Dining in the Nude: Nude restaurants are the new thing

Dining in the Nude: Nude restaurants are the new thing

Last Updated on June 22, 2020 by Amanda Stancati

Forget nude resorts, the au natural experience is moving from beach to table, as diners are craving a side of liberation with their burger.

Clothing-optional restaurants are popping up in places like Berlin, Japan, and London, with the old mantra, no shoes, no shirt, no service being left behind with a pile of clothes.

Imagine changing into a robe before being seated at your table, surrounded by natural bamboo partitions and candlelight. If you choose the nude section (there is a clothed option), lay your robe down first to maintain hygiene. You’ll get to enjoy a five-course meal, either vegan or non-vegan, with edible cutlery. No phones allowed.

That’s what goes down at the pop-up restaurant Bunyadi, London’s first nude restaurant that opened in June. Kitchen staff are clothed and servers are partially clothed for hygienic reasons. With an interest list over 46,000 names long, there’s no questioning the demand for such an experience.

Bunyadi restaurateur Seb Lyall told the Washington Post in this article: “There is a whole business of victimizing people based on body image, but we are making a business out of correcting it.”

Bunyadi means “basic” in Hindi. The ethos of the restaurant extends beyond the dress code: the concept is designed around the idea of body positivity and a social dining experiment.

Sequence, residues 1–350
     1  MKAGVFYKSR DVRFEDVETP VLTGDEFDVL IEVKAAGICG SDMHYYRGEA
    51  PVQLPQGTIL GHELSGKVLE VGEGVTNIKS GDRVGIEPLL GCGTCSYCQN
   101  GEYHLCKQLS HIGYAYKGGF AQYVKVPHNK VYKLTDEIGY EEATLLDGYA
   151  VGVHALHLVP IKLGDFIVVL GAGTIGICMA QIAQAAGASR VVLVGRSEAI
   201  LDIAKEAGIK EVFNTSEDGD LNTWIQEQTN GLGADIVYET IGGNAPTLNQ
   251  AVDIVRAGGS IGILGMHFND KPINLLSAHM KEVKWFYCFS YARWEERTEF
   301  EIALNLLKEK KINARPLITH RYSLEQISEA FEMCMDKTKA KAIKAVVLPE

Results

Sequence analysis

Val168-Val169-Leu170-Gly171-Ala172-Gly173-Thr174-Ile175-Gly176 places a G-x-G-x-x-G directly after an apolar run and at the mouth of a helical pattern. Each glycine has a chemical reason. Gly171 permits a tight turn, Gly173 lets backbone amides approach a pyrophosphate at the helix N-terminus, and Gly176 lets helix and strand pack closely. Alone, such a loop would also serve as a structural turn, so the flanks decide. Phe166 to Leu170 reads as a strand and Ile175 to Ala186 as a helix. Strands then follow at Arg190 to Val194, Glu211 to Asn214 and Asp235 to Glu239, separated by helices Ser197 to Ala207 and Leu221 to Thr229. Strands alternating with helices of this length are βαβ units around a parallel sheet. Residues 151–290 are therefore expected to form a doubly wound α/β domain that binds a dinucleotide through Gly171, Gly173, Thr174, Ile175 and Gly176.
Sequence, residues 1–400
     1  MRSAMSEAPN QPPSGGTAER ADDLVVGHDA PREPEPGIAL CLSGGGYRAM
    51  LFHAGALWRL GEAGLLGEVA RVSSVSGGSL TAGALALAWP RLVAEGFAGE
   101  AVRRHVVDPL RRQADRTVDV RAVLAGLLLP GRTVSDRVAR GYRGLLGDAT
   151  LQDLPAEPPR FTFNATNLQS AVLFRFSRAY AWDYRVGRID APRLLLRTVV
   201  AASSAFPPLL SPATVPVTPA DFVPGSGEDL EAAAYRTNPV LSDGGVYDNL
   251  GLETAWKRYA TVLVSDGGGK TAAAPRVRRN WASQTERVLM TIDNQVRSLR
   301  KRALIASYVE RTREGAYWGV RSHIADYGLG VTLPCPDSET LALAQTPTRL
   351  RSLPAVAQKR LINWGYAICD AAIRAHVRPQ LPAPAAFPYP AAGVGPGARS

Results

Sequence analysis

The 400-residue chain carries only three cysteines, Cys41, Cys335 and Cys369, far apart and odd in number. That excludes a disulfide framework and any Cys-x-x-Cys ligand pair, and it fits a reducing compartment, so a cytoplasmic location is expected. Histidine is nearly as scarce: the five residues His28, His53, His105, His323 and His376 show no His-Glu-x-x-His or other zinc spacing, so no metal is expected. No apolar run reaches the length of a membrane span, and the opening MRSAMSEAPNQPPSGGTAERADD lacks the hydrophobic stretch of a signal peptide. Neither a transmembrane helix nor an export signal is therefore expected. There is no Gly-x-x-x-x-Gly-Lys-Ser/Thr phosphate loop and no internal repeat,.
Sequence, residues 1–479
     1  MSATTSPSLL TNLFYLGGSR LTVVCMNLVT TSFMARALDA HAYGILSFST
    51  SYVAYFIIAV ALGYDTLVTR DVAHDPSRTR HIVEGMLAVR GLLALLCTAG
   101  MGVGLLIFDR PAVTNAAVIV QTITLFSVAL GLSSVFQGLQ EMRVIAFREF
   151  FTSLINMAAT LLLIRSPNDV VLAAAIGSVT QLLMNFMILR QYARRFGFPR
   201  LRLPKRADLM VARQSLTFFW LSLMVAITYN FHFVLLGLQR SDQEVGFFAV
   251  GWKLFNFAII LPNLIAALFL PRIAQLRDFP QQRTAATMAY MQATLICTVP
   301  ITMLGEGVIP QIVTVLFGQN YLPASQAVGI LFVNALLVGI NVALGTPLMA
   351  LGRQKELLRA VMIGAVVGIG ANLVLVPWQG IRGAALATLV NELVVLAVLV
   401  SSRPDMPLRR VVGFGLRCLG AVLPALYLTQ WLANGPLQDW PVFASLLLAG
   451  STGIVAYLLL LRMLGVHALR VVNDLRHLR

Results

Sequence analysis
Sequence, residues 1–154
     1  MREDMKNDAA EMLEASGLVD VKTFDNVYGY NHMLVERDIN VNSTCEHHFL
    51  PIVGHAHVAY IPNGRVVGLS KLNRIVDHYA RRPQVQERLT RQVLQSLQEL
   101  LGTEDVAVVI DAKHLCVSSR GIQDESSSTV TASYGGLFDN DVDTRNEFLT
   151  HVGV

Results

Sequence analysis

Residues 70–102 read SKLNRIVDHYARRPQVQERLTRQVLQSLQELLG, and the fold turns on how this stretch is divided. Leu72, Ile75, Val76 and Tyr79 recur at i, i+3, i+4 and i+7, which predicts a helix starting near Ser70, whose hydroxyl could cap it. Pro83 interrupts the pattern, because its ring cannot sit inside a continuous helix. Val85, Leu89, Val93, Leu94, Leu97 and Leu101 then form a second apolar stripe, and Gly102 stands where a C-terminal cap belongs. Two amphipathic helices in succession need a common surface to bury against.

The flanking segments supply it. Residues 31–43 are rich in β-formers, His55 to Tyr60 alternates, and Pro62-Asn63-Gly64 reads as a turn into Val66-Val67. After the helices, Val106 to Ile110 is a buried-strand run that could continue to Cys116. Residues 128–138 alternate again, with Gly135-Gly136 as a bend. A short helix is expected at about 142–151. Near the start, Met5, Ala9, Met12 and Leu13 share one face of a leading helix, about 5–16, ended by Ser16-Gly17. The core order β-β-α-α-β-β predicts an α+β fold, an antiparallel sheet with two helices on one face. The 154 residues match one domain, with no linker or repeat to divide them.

Next up on the naked dining train is Japan, with their restaurant, The Amrita (which means “immortality” in Sanskrit), opening in Tokyo at the end of the month.

You’ll have to cover up just a little bit with paper underwear as you enjoy the organic menu and male servers in g-strings. The restaurant does not welcome every body-type, though. You’ll have to be between the ages of 18 and 60 to enter, and “overweight” diners are not allowed. If you’re 33lbs over what you “should be” based on your height, you’ll be turned away without a refund on your ticket.

Tickets are purchased in advance: meal only tickets are approximately $130, but if you want to see the male-model show in addition to a meal, you could be forking up to $750 for admission. Phones are left at the door, and speaking to or touching other diners is prohibited.

People who visited Germany’s Black Cat Berlin earlier this month were greeted by a nude Playboy model. The restaurant gave away free meals for those who got naked, as part of its exotic Venus festival.

In Melbourne, two radio hosts asked if anyone would be interested in a pop-up nude restaurant, and the overwhelming response lead to a one-night only “The Noble Experiment” where 50 diners got to eat their pants off in May.

Body image insecurities get thrown out the window when you’re eating in your birthday suit. It seems like the trend is here to stay as it makes its way to liberal cities around the world.

The whole family can already dine nude at The Bare Bistro in Bare Oaks Family Naturist Park near Toronto, Ontario. It’s more of a nudist lifestyle resort than trendy restaurant. Diners must be members of the park though, and must follow the dress code: total nudity. At Vancouver’s Naked Sushi, sushi is served on a woman who becomes the living plate – but no touching or speaking to her is allowed. Unfortunately, guests are clothed.

Are more nude restaurant in Canada’s future? If you’re reading this and are skeptical, I’m almost certain there would be interest. If you drop your fork, just please don’t bend over to pick it up.

Thankfully, there’s even an etiquette for nude dining. Who knew?

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